(2) I benefit if the government doesn't impose such strict regulations on my business.

Further, you can see how their childhood led to their libertarian / no-holds-barred pathology because of their absent father who encouraged them to fight-it-out in all disputes and their strict (literally Nazi) governess - leading to them sueing each other and anyone else who gets in the way of their "freedom". It's a shame.

The Kochs' efforts on criminal justice reform?

Good you mentioned that one. The goal is to push through on mens rea for company executives, for the top brass to go to prison you actually have to prove intent of malfeasance. "Should know" would not be enough to lock someone away.

Currently playing in a theater near you: the 737-MAX drama.

No, that's not the goal. How do I know? I used to work in the libertarian movement and know a lot of the people involved. I have a number of mutual friends with the Kochs. The people involved in this (even at the top levels) really do believe in criminal justice reform.

I’m a libertarian and it’s not because people are paying me. It’s from a principled stance that it’s the best and most ethical system of societal organization possible. To name but a few recent victories where libertarians have been both right and well ahead of the curve - drug legalization, criminal justice reform, and school choice. Next will be sex work which I anticipate will be legalized in many places in the USA within the next decade.

Ah, so you're an actual libertarian, not a Libertarian. I tend to agree with libertarian principles but often times they just get co-opted by Libertarians.

Do you mean the Libertarian Party? I am not a member because I don’t want to be a member of any political party out of principle. As an independent I have voted for candidates of different parties depending on the situation. It’s impossible that 2 parties (or 3) capture all of someone’s views.

In part yes - in America there is a Libertarian philosophy that doesn't match what the rest of the world calls libertarianism, big-l Libertarianism seems much more heavily focused on fiscal freedom at the expense of freedom of opportunity, while little-l libertarianism tends to value freedom of opportunity and freedom of expression above the purely fiscal freedoms.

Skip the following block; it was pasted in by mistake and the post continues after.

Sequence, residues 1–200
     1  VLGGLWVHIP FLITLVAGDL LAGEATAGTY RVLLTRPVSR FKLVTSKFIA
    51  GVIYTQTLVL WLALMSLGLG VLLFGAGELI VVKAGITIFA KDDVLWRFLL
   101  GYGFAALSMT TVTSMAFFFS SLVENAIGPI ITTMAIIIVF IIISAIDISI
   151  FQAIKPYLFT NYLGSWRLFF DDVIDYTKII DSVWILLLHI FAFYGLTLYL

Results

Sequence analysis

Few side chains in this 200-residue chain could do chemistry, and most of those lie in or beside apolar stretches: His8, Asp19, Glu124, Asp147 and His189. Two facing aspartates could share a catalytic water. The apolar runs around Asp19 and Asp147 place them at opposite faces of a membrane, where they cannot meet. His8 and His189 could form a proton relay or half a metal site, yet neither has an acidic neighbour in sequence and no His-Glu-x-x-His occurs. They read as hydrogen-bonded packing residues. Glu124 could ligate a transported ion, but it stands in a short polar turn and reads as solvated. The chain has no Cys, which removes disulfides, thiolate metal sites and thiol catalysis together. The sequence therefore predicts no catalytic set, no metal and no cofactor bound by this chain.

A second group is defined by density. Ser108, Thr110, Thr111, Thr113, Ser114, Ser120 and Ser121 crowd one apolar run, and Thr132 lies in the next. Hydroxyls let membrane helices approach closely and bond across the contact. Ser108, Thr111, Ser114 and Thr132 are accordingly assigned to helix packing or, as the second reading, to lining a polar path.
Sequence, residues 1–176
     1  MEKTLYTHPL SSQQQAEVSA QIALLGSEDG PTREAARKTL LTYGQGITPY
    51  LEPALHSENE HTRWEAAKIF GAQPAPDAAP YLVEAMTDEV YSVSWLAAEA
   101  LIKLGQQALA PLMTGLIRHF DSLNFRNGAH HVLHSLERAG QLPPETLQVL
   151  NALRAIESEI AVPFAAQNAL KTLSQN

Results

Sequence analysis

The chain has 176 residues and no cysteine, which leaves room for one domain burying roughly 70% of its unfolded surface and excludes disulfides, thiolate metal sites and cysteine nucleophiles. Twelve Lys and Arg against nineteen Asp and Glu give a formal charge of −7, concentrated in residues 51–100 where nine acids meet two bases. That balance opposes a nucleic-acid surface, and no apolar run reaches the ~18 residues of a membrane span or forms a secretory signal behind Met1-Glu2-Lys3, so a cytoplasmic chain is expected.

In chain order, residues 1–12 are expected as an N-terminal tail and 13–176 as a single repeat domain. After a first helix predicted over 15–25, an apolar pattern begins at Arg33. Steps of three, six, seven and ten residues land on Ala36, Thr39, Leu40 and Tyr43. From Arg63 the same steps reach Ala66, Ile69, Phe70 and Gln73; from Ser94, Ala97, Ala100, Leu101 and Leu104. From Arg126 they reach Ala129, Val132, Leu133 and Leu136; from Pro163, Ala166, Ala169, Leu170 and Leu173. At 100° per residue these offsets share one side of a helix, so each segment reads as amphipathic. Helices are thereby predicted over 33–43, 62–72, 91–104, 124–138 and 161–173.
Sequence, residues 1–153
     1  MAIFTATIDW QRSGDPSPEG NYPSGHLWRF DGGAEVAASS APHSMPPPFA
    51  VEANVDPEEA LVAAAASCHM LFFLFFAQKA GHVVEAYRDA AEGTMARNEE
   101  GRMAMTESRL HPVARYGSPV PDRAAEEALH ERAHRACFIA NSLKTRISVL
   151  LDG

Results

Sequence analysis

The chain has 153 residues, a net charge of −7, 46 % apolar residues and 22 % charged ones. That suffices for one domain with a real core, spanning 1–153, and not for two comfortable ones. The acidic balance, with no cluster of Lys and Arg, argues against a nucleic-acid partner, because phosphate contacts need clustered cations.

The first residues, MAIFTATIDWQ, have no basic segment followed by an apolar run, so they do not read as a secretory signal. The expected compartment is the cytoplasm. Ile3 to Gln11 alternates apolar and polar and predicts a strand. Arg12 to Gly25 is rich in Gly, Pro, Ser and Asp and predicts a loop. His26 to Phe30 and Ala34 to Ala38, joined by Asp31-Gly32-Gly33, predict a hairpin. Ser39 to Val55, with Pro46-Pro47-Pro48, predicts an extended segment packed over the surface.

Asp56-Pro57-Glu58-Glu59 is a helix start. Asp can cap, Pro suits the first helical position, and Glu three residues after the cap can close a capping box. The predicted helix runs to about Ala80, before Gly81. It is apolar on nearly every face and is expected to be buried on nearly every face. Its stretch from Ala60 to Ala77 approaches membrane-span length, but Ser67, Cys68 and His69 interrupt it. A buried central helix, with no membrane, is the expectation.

Sadly, both groups tend to cling to the term l/Libertarianism which can confuse things. I mostly mention this because different people will read your self-described libertarianism differently with some people reading it as Libertarianism.

It's an aphorism that if you put 1000 libertarians in a room you will have 1000 definitions of what a "real" libertarian is. For me, the essence of libertarianism is about valuing the individual over the collective. This includes protecting individuals from the state by restricting state power, strong protection of private property, economic freedom, and allowing people the freedom to make their own decisions even if they are dumb decisions. It's a very natural and free way of living. So many people want the state to coerce others into doing what they want - essentially running other people's lives. That is a great evil and how casually people resort to this makes me ill. I just want everyone to have maximum freedom possible.

You know, there's a special name for a stateless society where people are allowed to own any amount of any thing and enter into any agreement. It's called "feudalism"

Common trope against libertarians, a super lazy no-thought argument. Feudalism is owning people which is clearly unethical. I'm not against government, I'm pro-freedom with a government that does the minimum possible to ensure a non-coercive society. Liberals take the absolute craziest position and say, "Durr that's what libertarians believe!" Completely ridiculous.

I think it's a decent argument, maybe it doesn't apply to your specific flavor of libertarianism since you believe the state should "ensure a non-coercive society" but the devil is in the details with regard to what one considers coercive.

Do you truly believe that libertarians, of which there are millions in the US, want to return to a feudal society? This is what you actually think? It’s completely absurd

> Do you truly believe that libertarians, of which there are millions in the US, want to return to a feudal society

No, not a literal feudal structure as it was implemented in medieval europe, but a system with some similar qualities. In particular, a system where the landed elite control private paramilitary forces and the common folk have no choice but to pay homage to their capital lords or find themselves without the protection of a state.

It's not about what you want, it's about the inevitable consequences.

Capitalist libertarianism is oxymoronic. People cannot have freedom when they need to work to survive so that others can live lavishly and accumulate infinitely without working.